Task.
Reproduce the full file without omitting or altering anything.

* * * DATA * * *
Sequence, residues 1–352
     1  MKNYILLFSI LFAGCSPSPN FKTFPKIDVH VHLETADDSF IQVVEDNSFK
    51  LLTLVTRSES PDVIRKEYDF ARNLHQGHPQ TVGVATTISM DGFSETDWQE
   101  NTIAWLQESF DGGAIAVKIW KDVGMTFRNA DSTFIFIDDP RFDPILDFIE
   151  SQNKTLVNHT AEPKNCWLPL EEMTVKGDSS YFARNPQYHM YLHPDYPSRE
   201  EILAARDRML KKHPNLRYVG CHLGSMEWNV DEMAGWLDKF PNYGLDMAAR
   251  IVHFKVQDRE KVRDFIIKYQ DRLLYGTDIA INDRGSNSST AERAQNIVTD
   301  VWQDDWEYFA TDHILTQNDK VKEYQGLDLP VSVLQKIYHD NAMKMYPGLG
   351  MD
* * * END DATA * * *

Sequence, residues 1–352
     1  MKNYILLFSI LFAGCSPSPN FKTFPKIDVH VHLETADDSF IQVVEDNSFK
    51  LLTLVTRSES PDVIRKEYDF ARNLHQGHPQ TVGVATTISM DGFSETDWQE
   101  NTIAWLQESF DGGAIAVKIW KDVGMTFRNA DSTFIFIDDP RFDPILDFIE
   151  SQNKTLVNHT AEPKNCWLPL EEMTVKGDSS YFARNPQYHM YLHPDYPSRE
   201  EILAARDRML KKHPNLRYVG CHLGSMEWNV DEMAGWLDKF PNYGLDMAAR
   251  IVHFKVQDRE KVRDFIIKYQ DRLLYGTDIA INDRGSNSST AERAQNIVTD
   301  VWQDDWEYFA TDHILTQNDK VKEYQGLDLP VSVLQKIYHD NAMKMYPGLG
   351  MD